Yuja Chang – Co-Founder of Aira

Yuja Chang - Co-Founder of Aira

Recently, we’ve interviewed Mr. Yuja Chang, the Co-Founder of Aira, a service that uses artificial intelligence and augmented reality to connect blind and low vision individuals to highly trained agents who assist in everyday tasks. Mr. Chang has also been deemed a Forbes 30 Under 30 Social Entrepreneur in 2018 due to his work in his professional field.

When asked about his roots, he emphasizes the importance of bringing about positive change to society. From an early age, Mr. Chang has been involved in non-profits and enjoyed creating new solutions to existing problems. He credits his own principles as well as the hard work of those around him from his co-founders and workers to his company’s current success.

His inspiration and role model is someone very close to him: a co-founder and his previous manager at Intuit, Somon Kannuganti. Aside from his entrepreneurial and technological skills, he credits Somon for teaching him soft skills like resilience, compassion, and drive, all of which shape Mr. Chang in his work and personal life. He specifically warns against solutionism, or solving a non-existent problem, which is derived from setting vague goals such as wanting to “make the world a better place.” Rather, entrepreneurs should hone in on the specifics of their goals in creating a modern solution with technological breakthroughs.

In college, Mr. Chang partook in a foundation where he aided underprivileged children with eye diseases in relatively low-income areas. Using image analysis and modern computing algorithms, his foundation administered low-cost tests that enabled children to receive help exactly when they needed it. Mr. Chang admits that he didn’t even know this problem existed until he was out there in these communities and interacted with doctors and their patients. He says this changed his perspective on his life regarding satisfaction and fulfillment in helping others even though it was just a small community in San Diego.

Mr. Chang always believed that modern technology could be used to mitigate the disabilities of blind people, a belief he felt was reaffirmed when Google Glass came out in 2014. Although these glasses received much criticism concerning privacy and practical use, Mr. Chang took this as inspiration to alleviate the effects of becoming blind.

Mr. Chang’s hardest challenge was hiring and training agents on how to communicate with blind patients efficiently and accurately. The common-sense answer is often not the best approach in this area; communication involves many intricacies that only continued interaction between agents and patients can solve. To hire these agents, Aira makes sure to look for people who can communicate effectively since most users urgently need information. More than communication, however, Aira looks for those with empathy; he is not looking for those who will simply treat it as a job but instead one who is passionate in answering their calling to help society.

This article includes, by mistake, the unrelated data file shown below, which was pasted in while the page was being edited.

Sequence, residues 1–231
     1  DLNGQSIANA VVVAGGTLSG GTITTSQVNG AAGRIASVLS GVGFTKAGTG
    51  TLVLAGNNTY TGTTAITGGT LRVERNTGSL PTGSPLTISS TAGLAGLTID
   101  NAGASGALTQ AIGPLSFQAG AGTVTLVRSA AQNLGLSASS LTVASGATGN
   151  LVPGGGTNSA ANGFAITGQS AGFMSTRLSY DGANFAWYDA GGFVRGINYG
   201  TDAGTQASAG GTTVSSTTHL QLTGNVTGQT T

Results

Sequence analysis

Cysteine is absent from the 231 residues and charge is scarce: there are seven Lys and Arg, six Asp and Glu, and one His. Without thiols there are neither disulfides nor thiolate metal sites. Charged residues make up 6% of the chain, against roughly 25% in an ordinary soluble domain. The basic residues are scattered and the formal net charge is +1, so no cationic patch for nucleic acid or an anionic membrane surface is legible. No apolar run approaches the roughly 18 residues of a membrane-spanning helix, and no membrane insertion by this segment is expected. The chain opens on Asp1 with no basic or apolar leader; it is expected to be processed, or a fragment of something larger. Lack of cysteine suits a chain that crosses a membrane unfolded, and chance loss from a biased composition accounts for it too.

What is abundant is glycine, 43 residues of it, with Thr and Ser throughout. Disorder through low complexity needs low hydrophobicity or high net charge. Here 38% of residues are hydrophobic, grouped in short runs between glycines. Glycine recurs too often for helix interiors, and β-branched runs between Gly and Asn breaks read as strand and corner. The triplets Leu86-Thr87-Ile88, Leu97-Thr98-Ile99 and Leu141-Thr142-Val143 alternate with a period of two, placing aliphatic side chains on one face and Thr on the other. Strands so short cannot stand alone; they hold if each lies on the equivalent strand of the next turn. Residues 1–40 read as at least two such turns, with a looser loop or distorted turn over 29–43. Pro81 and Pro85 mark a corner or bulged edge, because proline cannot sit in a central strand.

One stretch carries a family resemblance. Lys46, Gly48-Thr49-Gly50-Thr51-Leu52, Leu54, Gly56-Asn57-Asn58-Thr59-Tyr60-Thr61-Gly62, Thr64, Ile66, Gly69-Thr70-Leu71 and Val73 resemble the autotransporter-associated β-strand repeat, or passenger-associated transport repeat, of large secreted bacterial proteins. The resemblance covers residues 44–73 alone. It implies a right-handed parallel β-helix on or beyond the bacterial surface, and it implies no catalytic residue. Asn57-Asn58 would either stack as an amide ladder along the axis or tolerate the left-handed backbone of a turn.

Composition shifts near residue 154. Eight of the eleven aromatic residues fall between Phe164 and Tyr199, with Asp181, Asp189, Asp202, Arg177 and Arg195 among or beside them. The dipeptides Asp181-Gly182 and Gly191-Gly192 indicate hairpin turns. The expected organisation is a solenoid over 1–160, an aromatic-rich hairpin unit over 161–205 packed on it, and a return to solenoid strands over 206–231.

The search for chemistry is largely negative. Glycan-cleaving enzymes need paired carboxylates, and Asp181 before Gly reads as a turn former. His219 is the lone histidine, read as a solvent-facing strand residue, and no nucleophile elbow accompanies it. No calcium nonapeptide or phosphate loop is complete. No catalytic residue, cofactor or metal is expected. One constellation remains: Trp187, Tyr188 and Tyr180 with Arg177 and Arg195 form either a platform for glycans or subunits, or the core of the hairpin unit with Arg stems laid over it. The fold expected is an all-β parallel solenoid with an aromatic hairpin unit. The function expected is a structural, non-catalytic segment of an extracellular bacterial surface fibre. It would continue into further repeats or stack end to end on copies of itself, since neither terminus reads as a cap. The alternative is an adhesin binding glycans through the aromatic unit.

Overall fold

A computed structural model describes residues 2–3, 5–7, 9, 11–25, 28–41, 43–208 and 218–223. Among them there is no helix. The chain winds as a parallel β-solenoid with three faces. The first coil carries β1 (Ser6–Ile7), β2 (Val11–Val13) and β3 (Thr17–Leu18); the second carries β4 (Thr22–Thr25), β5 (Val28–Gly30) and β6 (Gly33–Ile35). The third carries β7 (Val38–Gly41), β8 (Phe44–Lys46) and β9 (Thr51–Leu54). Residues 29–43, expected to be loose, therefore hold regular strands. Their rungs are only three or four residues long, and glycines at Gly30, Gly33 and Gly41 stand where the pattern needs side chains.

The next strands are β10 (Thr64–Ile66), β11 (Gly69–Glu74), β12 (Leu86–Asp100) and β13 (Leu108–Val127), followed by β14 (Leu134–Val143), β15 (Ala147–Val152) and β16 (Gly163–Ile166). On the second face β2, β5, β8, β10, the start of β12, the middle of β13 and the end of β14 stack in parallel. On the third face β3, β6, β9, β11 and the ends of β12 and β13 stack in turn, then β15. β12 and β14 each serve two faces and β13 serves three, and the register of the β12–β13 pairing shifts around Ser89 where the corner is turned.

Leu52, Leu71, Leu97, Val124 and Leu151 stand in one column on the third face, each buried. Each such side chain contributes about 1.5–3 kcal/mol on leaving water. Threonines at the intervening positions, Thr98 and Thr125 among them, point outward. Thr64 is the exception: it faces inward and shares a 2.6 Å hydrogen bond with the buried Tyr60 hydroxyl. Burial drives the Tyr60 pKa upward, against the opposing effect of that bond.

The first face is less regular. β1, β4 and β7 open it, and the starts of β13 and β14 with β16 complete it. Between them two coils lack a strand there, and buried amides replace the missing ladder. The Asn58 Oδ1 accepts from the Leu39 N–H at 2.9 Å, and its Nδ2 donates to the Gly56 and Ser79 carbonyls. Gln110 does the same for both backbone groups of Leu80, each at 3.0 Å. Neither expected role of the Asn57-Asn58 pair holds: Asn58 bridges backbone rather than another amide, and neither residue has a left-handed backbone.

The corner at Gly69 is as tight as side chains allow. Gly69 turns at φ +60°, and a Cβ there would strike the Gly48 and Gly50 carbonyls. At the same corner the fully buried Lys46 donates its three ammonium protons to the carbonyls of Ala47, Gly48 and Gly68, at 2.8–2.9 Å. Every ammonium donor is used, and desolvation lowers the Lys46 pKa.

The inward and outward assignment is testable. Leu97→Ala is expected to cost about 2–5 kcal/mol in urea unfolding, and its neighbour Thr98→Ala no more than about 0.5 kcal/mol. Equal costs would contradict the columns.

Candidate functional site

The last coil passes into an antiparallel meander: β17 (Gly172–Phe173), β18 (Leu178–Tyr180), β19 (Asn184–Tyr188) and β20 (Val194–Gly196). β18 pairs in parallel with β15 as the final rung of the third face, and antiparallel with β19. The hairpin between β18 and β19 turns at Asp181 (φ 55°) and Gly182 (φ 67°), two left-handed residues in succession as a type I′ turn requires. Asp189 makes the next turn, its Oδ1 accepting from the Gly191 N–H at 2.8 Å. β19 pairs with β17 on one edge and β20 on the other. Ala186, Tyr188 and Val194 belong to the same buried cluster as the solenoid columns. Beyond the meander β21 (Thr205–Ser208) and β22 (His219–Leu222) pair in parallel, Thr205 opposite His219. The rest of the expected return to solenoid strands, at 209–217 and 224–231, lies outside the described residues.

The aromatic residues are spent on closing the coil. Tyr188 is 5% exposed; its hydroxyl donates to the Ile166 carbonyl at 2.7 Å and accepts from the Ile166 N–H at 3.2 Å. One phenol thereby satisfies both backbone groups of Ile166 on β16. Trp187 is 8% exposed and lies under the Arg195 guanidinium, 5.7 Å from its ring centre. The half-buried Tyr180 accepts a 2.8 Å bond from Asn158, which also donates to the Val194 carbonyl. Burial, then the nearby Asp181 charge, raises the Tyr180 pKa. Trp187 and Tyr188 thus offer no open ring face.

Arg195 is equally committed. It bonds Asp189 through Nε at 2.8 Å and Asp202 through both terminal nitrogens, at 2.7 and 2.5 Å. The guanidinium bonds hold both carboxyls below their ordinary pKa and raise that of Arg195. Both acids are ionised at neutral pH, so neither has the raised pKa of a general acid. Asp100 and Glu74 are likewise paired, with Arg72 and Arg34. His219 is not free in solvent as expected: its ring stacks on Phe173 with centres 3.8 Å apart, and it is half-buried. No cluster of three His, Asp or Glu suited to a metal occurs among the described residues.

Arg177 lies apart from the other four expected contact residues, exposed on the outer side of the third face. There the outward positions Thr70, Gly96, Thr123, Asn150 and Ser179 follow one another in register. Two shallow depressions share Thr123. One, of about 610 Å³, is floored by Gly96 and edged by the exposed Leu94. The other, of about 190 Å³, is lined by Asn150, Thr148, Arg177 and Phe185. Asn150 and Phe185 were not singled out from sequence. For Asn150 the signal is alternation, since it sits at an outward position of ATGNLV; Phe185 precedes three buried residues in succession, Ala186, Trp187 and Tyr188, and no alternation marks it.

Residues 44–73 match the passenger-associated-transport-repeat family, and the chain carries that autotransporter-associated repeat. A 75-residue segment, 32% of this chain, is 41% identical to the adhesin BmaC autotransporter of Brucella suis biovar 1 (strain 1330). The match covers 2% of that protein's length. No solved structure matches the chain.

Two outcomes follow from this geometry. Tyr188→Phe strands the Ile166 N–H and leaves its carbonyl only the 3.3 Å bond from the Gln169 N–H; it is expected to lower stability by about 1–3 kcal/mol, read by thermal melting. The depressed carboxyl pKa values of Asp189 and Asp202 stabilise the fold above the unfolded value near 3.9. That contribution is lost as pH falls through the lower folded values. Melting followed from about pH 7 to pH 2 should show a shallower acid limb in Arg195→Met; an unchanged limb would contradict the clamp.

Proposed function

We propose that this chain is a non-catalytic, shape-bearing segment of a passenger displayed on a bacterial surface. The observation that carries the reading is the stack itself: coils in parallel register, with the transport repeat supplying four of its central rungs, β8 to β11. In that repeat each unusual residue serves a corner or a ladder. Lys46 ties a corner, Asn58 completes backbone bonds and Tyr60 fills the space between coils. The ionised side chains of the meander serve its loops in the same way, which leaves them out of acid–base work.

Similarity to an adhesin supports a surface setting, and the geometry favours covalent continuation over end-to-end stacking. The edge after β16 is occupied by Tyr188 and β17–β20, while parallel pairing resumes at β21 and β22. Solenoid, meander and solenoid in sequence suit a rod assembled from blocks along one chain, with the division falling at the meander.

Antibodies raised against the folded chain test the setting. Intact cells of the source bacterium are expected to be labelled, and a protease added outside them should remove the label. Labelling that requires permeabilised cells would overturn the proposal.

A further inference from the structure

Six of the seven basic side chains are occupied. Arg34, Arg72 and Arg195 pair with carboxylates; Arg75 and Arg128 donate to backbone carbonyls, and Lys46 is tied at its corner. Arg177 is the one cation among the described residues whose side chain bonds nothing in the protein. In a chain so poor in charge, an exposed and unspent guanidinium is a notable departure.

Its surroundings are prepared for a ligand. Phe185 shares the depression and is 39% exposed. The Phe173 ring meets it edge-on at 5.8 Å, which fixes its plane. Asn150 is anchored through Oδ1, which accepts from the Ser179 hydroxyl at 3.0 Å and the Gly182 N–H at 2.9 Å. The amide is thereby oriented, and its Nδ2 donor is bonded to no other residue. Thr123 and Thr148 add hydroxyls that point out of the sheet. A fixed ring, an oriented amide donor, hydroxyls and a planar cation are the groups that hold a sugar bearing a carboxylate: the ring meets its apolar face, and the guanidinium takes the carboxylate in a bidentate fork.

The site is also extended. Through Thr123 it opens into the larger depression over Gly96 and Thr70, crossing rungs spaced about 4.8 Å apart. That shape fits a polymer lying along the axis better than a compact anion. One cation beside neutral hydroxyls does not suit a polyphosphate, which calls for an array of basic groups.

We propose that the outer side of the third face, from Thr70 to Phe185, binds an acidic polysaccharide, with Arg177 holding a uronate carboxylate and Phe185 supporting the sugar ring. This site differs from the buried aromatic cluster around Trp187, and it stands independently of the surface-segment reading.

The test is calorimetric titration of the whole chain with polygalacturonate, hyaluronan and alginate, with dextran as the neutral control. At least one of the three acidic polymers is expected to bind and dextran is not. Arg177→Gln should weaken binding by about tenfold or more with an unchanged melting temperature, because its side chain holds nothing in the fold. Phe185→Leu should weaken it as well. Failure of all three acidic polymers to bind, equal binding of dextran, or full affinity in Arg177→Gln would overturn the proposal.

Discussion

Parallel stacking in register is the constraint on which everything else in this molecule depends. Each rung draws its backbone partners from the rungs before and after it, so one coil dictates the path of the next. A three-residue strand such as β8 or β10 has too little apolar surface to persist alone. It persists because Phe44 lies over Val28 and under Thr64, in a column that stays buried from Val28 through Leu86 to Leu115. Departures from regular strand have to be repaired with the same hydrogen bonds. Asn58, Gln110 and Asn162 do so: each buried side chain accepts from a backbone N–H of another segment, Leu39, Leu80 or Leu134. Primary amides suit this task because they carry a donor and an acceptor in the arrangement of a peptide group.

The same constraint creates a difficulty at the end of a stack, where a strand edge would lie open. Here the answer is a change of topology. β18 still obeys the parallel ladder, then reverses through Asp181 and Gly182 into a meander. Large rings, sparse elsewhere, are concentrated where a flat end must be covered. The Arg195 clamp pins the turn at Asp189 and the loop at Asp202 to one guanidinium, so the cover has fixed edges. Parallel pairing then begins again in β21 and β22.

His connections from professors, classmates, alumni, and other professionals through his classes and clubs were his main takeaway from Wharton that helped him succeed in starting up his company and gaining funding. Concerning impactful classes, he recalls a class called “Innovation” where his professor shared his experiences as an inventor and entrepreneur. By learning from others’ experiences/failures and thereby gaining some of their wisdom, Mr. Chang was able to take a more data-driven approach in augmenting his product and company.

His work with McKinsey is also incredibly methodical and data-driven. A large portion of his work includes sharing his knowledge and expertise to guide in making decisions. He emphasizes the importance of utilizing more data to develop sound and concise judgments to help clients who are generally more guided by tradition or feelings rather than past results. His primary criteria for judging a client is passion as he believes it has the highest correlation with success. Mr. Chang also states that passion is almost impossible to fake, which is the reason it is his number one standard for hiring since genuineness can be judged in less than ten minutes.

For high school students, he urges them to “not underestimate your ability to create impact.” He illustrates that many solutions are often overlooked by highly trained professionals which seem like common sense to a new eye. Mr. Chang stands against letting the adults in the room dictating what you do since exploration is the best way to learn. He recommends that “whenever you see some opportunity, just jump on it – no matter how big or small it is.” Making an impact on society is a long process and does not occur overnight. It’s a daily process that involves the design and problem-solving procedure. By making a conscious effort every day to plan solutions to problems, you can build up to becoming a social entrepreneur; taking chances, remaining determined despite failure, and empathizing with others are all integral to the journey.